Symbiosis and its impact on eukaryote evolution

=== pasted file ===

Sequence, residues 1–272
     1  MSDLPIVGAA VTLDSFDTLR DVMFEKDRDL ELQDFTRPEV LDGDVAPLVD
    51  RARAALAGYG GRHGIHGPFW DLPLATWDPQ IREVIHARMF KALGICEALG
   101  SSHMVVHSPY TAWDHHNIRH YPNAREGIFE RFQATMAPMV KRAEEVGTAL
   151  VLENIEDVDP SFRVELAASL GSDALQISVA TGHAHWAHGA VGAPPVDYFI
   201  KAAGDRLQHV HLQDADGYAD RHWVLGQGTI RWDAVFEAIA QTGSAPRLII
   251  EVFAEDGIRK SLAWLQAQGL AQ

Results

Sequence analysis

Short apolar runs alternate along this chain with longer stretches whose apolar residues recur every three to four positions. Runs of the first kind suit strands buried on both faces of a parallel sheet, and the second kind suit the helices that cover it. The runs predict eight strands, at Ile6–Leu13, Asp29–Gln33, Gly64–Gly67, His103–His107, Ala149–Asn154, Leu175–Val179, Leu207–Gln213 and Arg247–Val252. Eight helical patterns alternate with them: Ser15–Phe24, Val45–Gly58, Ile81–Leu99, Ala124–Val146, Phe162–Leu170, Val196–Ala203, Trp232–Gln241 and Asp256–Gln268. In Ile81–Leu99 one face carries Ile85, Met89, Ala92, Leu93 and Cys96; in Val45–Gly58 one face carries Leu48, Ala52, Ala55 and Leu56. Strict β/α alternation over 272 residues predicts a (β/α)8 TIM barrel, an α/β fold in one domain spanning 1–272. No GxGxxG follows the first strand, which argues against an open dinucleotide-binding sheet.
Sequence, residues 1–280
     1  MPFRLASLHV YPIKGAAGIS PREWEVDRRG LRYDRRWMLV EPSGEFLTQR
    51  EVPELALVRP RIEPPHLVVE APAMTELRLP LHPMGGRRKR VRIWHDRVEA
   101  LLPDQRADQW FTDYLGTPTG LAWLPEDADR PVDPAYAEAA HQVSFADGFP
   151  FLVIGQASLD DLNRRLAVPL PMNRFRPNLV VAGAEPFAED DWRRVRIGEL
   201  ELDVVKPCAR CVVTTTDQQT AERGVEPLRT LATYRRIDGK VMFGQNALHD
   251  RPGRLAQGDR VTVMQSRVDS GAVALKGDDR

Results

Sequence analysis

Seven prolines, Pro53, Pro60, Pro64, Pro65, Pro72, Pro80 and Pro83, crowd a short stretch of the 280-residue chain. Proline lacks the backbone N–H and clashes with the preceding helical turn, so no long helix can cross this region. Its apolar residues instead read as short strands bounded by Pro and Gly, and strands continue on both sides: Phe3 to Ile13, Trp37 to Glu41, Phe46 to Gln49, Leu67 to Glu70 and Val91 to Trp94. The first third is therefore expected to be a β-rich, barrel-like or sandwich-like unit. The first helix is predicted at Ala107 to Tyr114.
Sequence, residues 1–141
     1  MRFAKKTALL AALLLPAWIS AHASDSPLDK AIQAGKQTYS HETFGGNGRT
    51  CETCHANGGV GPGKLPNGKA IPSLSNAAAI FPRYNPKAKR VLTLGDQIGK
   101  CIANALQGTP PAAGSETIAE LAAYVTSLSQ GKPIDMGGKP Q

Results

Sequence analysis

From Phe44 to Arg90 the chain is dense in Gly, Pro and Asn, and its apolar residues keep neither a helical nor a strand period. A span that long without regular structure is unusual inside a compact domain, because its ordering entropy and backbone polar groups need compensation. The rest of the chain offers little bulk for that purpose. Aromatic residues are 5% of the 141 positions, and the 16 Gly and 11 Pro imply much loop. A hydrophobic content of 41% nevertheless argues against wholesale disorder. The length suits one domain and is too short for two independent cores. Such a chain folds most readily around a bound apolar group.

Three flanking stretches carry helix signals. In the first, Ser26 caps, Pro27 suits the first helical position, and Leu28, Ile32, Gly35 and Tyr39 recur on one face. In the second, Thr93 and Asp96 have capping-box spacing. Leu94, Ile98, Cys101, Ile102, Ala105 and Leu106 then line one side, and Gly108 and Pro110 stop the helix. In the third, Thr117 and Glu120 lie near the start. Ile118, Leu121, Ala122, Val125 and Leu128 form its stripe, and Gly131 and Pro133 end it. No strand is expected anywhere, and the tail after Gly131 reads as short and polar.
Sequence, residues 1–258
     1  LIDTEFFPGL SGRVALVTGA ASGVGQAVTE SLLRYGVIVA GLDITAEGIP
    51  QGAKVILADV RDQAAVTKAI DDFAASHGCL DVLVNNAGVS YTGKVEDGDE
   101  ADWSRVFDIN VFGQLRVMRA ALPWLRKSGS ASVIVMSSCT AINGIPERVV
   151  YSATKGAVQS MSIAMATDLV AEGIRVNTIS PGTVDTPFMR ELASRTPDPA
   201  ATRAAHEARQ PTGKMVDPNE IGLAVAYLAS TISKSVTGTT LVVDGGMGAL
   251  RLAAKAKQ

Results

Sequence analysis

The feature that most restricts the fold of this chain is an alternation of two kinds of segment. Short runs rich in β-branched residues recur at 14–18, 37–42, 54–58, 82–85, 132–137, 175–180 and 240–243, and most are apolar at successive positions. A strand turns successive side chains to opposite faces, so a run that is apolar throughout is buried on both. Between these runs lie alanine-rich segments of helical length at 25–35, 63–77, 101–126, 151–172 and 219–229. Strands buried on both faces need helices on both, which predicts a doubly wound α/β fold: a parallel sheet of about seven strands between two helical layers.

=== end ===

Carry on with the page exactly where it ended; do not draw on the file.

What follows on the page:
Endosymbiosis has had a significant impact on eukaryotic evolution, from various coevolving partnerships to the origin of mitochondria and plastids. Cryptophytes are a lineage of unicellular algae that harbor a red-algal plastid derived from secondary endosymbiosis and belong to a phylum (Cryptista) thought (by some) to be ancestrally non-photosynthetic. Furthermore, Cryptista has traditionally been difficult to place in the eukaryotic tree of life. To investigate Cryptista’s relationship to other eukaryotes and the evolution of red-algal complex plastids, I searched for an algal footprint in genomic data from Goniomonas avonlea, a close heterotrophic relative of cryptophytes. Overall, a close association of Cryptista to Archaeplastida was revealed – specifically to green/glaucophyte algae – and little evidence supporting red-algal plastid ancestry in G. avonlea was found. Additionally, I investigated a novel, recently established, eukaryote-eukaryote endosymbiosis not involving photosynthesis. Characterization of novel isolates and comprehensive phylogenetic analyses on Paramoeba-Perkinsela revealed a strong signal for co-evolution.